The photographer’s lens alone can’t solve conflicts or feed the poor. But as an unwavering eye focused squarely on a reality we too often ignore, the lens becomes a call to consciousness and an invitation to action.

In India and Bangladesh, segments of society are confined to a culture of caste discrimination that defines their work and determines their fate. Similarly, in Middle America the failure of local industry has created communities of perpetual unemployment and poverty that have bred a generation of undereducated and despondent teens with few prospects for their future.

Health care in marginalized countries continues to be ill-equipped and under-staffed. Hospitals and institutions serve as little more than warehouses for suffering. The mentally disabled are often abandoned in overcrowded and filthy sanatoriums. Natural disasters like Hurricane Ike in Haiti, one of the poorest nations on Earth, inevitably leave behind a staggering death toll, widespread infection, and even greater scarcity. All the while in the U.S., one of the world’s richest nations, scores of uninsured working poor wait each week for the chance to see a doctor.

The photographer’s lens alone can’t solve conflicts or feed the poor. But as an unwavering eye focused squarely on a reality we too often ignore, the lens becomes a call to consciousness and an invitation to action.

China: Olympics, Three Gorges Dam, Earthquake

Photojournalists were allowed extraordinary access to China in 2008 as the country prepared to host the Summer Olympic Games in Beijing.

Photojournalists were allowed extraordinary access to China in 2008 as the country prepared to host the Summer Olympic Games in Beijing. They documented an evolving landscape of ambition that often valued achievement of the country above the needs of its countrymen. Images of the construction of innovative buildings, such as the Bird’s Nest, were often in contrast to a darker reality facing the Chinese people.

In May, a deadly 7.9-magnitude earthquake in the southwestern province of Sichuan that killed more than 69,000 and caused another 5 million Chinese to become homeless. In remote rural communities, photography communicated to the world the enormity of the natural disaster. Perhaps none were so emotionally unnerving as the images of schools that had collapsed while classes were in session, burying 19,000 children in a grave of rubble. July saw the last township along the banks of the Yangtze River to be relocated to make way for rising waters and the completion of the Three Gorges Dam—the largest hydroelectric dam in the world. Since displacement began in 2004, more than 1.4 million Chinese have been moved from their homes.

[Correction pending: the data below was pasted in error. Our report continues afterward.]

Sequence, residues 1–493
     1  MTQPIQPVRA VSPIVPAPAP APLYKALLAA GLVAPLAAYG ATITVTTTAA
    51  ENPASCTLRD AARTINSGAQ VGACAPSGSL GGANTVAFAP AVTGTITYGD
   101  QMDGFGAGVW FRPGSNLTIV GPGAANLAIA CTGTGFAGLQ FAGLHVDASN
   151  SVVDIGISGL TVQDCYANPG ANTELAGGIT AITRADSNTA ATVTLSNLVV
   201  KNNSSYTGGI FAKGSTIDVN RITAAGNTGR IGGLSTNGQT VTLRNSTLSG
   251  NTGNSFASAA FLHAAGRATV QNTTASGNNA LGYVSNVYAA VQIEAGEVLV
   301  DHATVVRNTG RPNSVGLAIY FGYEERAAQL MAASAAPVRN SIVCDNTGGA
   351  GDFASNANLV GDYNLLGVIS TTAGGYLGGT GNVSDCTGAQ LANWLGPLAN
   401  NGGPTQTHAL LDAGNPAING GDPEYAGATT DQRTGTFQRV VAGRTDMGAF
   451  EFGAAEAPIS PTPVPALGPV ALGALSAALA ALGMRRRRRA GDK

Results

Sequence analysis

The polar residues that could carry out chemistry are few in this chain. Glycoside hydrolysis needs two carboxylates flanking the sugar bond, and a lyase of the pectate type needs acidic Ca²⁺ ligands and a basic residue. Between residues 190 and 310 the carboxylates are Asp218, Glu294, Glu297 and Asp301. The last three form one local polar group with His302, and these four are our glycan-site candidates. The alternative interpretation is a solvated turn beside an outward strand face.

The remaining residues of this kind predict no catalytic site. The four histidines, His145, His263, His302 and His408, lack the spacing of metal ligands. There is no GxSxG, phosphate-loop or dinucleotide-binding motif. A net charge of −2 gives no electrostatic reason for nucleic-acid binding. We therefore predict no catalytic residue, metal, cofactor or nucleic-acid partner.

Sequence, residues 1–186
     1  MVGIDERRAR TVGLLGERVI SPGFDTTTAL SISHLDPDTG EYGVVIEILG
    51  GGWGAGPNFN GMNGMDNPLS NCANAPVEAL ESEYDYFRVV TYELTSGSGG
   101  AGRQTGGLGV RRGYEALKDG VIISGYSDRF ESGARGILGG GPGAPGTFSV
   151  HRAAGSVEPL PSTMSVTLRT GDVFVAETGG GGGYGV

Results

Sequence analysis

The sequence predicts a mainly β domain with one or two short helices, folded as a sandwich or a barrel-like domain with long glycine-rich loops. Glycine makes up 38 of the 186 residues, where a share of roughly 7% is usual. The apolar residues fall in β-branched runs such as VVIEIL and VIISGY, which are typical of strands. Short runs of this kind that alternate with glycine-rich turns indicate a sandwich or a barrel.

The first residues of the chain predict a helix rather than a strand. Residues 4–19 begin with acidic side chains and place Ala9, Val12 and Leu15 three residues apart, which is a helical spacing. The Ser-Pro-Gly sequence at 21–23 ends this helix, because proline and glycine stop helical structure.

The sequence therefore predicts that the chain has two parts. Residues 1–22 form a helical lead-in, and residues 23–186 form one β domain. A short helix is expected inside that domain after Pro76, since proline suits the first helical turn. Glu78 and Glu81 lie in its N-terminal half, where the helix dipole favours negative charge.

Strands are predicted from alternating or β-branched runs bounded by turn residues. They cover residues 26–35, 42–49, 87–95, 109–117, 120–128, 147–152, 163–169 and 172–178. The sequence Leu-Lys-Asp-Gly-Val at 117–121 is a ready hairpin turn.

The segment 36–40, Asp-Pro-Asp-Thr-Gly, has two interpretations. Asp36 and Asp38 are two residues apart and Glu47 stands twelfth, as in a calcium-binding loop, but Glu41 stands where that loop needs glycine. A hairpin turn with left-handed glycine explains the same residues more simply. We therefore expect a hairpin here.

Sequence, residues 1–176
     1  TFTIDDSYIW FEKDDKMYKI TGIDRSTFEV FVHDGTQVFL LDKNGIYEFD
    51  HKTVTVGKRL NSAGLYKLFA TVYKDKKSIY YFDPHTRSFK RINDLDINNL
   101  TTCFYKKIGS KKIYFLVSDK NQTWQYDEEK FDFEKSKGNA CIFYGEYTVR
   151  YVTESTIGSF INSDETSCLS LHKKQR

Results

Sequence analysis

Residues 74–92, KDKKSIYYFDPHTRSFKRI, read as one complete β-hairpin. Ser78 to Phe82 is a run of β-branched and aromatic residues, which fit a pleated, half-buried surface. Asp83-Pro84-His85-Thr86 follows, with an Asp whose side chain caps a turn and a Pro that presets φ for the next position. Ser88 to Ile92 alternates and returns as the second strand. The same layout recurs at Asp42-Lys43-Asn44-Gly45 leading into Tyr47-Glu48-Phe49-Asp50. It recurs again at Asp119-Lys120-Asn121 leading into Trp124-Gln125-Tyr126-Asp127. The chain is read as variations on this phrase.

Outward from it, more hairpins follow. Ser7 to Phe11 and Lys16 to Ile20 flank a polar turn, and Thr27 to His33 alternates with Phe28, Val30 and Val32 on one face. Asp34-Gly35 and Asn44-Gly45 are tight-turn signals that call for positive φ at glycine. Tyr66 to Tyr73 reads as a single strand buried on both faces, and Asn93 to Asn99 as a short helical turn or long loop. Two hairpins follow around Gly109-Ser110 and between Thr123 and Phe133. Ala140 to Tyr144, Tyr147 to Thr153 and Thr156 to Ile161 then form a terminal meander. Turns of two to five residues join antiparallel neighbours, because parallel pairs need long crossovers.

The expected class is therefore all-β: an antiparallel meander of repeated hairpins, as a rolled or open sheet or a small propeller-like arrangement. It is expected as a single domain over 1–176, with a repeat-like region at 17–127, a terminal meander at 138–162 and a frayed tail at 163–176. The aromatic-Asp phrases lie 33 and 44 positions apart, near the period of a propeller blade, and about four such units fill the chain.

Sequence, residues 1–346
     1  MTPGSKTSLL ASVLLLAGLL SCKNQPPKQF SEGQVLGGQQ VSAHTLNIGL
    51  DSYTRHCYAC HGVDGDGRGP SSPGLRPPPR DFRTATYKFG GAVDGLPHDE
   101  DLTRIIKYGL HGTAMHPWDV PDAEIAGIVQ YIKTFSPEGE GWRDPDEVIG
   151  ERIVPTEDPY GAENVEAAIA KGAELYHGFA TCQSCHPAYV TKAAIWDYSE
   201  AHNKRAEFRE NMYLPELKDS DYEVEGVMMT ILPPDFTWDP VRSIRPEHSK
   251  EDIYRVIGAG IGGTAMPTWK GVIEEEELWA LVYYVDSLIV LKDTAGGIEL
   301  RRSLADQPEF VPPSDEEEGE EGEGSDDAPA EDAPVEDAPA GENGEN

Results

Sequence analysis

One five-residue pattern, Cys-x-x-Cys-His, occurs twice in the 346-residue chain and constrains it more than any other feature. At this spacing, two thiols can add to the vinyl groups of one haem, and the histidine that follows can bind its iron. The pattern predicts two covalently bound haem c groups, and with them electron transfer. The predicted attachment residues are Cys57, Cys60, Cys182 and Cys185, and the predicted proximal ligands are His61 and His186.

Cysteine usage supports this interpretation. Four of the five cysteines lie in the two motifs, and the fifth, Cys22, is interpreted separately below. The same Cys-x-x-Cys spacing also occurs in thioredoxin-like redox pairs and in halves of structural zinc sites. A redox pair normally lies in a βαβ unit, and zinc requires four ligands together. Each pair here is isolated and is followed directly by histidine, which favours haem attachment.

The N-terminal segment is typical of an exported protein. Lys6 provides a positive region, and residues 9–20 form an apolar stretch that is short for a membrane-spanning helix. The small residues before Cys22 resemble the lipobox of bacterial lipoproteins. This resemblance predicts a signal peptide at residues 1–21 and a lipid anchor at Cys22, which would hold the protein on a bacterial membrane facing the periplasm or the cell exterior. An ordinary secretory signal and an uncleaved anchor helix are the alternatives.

Sorrow gave way to glory when the Olympic Games kicked off in August. More than 11,000 athletes competed in 302 events that were marked with athletic artistry and world records, including eight gold medals by U.S. swimmer Michael Phelps.

Global Conflict

Photographers stationed throughout the world documented an increase in violence and war that spread in 2008 from traditional hotspots to nations facing new aggression and turmoil.

Photographers stationed throughout the world documented an increase in violence and war that spread in 2008 from traditional hotspots to nations facing new aggression and turmoil.

Citizens of the Democratic Republic of the Congo, Iraq, Pakistan, and the Gaza Strip know how to navigate their daily lives amid tensions on the verge of boiling into bloodshed. But in Kenya, residents and photojournalists covering the contested 2007 presidential elections were propelled instantly into an atmosphere of destruction and riots in January that claimed more than 1,000 lives.

The former Soviet state of Georgia became an unexpected battleground in July 2008 when regional strife between Ossetian separatists and Georgian armed escalated into a full-scale contest between Russian and Georgian troops in South Ossetia. Several weeks of media attention, complete with images of war and suppression, caused global outrage so vociferous that the Russian government halted their attack in mid-August.

Whatever the locale or customary level of unrest, photojournalists pushed the limits of personal safety to stand in the line of fire and capture the look of terror, the consequence of differing ideologies, and indiscriminant loss worldwide.